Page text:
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In Vietnam, duty-free supermarkets now become customer-free venues

Friday, April 24, 2015, 12:26 GMT+7
In Vietnam, duty-free supermarkets now become customer-free venues
Two shoppers walk among the empty shelves at the GC duty-free supermarket in Moc Bai Border Economic Zone in Tay Ninh Province, located in southern Vietnam, on April 23, 2015.

Gone are the days when people eagerly rushed to supermarkets along Vietnam’s border with Cambodia to buy duty-free goods.

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Shoppers no longer find the commodities available in that area attractive, whereas supermarket operators said some policy changes have stripped them of all the preferential treatments that used to help them woo customers.

The Moc Bai Border Economic Zone, located in the area bordering Cambodia in the southern province of Tay Ninh, and Tinh Bien, its counterpart in An Giang Province in the Mekong Delta, used to be the most famous destinations to buy tax-free products, with a number of busy supermarkets there.

But GC, the largest duty-free supermarket in Moc Bai, only 62km from Ho Chi Minh City, will temporarily shut down on May 5, while other nearby facilities are too on a knife edge as shoppers are nowhere to be seen.

People can easily go to Moc Bai from Ho Chi Minh City by motorbike or via a nonstop bus service that departs from the Ben Thanh Bus Station.

Nguyen Thi Vinh, who took such a bus to Moc Bai along with some friends on April 23, was shocked to see a deserted scene upon her arrival at GC.

The venue was full of empty shelves and booths, and only a few brands of dye, supplementary diets, and cloth softeners were on sale behind “great sale-off” banners, she recalled.

Only one of the 30 checkout counters there was in operation.

“The cashier in charge of that counter told me this was all left at the supermarket as they would be closing down soon,” Vinh told Tuoi Tre (Youth) newspaper.

GC has been offering discounts of up to 70 percent to empty its stock before the deadline, according to the cashier.

Vinh said she had expected to buy luxury imports at these duty-free supermarkets, but all she found there were Chinese products.

“A handbag was available at a 70 percent discount rate, but it was covered with dusk and in bad condition,” she said.

“I’d rather go to the supermarket near my house.”

While GC already has a closing date, other venues such as Smiling, Satra Tay Nam, and Song Chau are struggling to find buyers.

Policy changes

The Ky Vang Co. Ltd., the operator of the GC supermarket, attributed the future shutdown to some amended policies that have put it and other businesses into a disadvantaged position.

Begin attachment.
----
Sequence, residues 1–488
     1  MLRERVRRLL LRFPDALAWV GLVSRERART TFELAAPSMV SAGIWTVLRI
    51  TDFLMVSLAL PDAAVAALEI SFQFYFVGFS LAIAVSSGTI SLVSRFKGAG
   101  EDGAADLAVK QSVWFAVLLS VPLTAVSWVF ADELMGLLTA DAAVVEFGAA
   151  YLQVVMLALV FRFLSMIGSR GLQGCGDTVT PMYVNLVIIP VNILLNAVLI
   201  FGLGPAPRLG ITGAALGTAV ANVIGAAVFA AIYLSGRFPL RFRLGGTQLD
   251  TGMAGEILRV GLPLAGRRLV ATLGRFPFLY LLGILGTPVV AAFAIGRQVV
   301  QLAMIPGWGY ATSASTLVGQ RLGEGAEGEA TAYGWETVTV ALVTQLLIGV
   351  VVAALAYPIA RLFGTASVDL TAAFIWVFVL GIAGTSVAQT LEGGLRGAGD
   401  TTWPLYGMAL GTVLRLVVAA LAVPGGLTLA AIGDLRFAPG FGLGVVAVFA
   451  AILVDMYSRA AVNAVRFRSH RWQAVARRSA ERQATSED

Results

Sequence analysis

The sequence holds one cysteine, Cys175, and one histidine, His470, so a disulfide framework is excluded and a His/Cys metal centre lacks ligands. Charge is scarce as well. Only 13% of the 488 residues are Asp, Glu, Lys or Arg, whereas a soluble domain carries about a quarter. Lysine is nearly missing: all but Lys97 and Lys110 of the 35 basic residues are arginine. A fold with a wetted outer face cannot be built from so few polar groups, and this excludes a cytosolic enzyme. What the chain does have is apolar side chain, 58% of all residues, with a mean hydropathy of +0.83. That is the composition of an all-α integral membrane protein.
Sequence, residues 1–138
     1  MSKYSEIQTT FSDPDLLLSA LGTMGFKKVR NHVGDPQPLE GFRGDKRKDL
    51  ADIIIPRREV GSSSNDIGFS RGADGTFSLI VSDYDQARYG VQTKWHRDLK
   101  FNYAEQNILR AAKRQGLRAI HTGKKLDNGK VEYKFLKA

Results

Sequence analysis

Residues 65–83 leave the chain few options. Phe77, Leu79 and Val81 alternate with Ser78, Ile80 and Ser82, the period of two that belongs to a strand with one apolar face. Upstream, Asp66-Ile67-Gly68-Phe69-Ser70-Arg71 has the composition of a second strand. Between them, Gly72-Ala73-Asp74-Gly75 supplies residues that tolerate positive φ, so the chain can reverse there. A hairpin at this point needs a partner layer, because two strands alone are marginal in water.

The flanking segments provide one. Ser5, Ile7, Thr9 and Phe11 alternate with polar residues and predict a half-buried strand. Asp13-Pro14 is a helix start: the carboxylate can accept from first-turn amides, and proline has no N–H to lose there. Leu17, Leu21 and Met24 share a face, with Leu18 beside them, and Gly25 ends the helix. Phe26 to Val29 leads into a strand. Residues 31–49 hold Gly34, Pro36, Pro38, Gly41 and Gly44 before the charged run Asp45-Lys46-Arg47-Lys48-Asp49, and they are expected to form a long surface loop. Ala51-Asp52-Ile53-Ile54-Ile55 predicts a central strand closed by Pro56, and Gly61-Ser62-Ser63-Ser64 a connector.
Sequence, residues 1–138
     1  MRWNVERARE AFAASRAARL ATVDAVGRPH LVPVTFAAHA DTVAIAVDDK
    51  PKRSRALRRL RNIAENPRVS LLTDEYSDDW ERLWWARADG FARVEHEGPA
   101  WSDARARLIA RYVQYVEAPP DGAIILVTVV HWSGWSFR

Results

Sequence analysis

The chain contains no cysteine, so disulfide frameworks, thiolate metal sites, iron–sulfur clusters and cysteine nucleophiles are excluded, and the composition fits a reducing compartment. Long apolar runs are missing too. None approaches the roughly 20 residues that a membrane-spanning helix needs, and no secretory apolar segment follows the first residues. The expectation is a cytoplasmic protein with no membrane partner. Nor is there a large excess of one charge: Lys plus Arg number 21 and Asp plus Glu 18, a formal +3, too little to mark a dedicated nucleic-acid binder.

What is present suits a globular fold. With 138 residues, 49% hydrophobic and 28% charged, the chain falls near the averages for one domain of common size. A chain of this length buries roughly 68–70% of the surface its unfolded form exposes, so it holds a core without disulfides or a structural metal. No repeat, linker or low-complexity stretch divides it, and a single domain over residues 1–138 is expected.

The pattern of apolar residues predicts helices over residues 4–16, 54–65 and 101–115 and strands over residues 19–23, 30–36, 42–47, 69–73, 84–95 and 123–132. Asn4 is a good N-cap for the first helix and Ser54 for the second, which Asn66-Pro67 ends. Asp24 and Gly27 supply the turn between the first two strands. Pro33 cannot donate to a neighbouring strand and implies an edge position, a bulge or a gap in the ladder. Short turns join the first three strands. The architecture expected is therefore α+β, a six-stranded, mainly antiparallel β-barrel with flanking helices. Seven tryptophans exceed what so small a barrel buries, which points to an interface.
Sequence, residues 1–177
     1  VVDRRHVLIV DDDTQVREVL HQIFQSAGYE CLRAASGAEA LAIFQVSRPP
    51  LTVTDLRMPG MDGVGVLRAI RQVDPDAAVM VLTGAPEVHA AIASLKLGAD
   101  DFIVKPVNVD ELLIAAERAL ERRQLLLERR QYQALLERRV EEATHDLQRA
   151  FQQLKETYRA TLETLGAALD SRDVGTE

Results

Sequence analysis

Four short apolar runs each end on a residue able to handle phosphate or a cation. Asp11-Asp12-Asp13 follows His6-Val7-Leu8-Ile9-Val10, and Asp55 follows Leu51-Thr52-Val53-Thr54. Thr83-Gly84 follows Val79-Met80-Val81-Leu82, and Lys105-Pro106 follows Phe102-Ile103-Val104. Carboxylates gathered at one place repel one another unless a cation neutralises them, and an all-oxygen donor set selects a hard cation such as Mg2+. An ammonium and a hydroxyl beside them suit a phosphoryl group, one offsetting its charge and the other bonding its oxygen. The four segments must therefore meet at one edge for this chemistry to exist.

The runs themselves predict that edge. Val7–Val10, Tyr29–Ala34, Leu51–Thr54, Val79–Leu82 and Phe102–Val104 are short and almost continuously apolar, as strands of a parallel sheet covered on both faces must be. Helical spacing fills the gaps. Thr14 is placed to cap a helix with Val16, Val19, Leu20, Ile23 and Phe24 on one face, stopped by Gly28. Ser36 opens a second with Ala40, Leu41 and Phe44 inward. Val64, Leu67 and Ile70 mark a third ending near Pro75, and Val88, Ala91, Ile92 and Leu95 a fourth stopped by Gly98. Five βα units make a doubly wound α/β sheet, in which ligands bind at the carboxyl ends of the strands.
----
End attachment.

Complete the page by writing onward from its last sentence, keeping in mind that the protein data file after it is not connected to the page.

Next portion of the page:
Since January 5 last year, shoppers have been no longer allowed to buy duty-free beer or alcoholic beverages at Moc Bai, a change the company said has driven away a huge number of customers.

In October 2014, businesses operating in the economic zone were also required to pay taxes, including import duty, special consumption and value-added taxes, on their imports upon the shipments’ arrival, instead of settling them later like before.

“These regulations have almost removed all the preferential treatments businesses in Moc Bai used to be entitled to,” company director Le Quang Vinh told Tuoi Tre.

Vinh said his firm incurred more than VND3 billion (US$139,808) in losses in the first quarter of this year alone, plus an unsold stock of beer and wine worth VND19 billion ($885,451), which is why it will have to temporarily cease operations.

Tran Thi Bich Huyen, director of Song Chau Co. Ltd., which operates the Song Chau supermarket in Moc Bai, said even though the facility remains open, the number of goods has been more than halved compared to last year.

The company is facing the same problems as The Ky Vang, Huyen told Tuoi Tre.

“We have to pay taxes in advance and only get the refunds once we have managed to empty the stocks,” she said, adding it takes at least a year to “sell out of a batch of hundreds of items.”

Only 14 out of 38 businesses licensed to operate in the duty-free zone in Moc Bai now remain active, said Pham Van Son, deputy head of the management board of the economic zone.

“The number of businesses halting operations is expected to increase if the tax policies remain unchanged in the future,” Son said.

The official added the management board can provide no help because the policies were “promulgated by the central government.”

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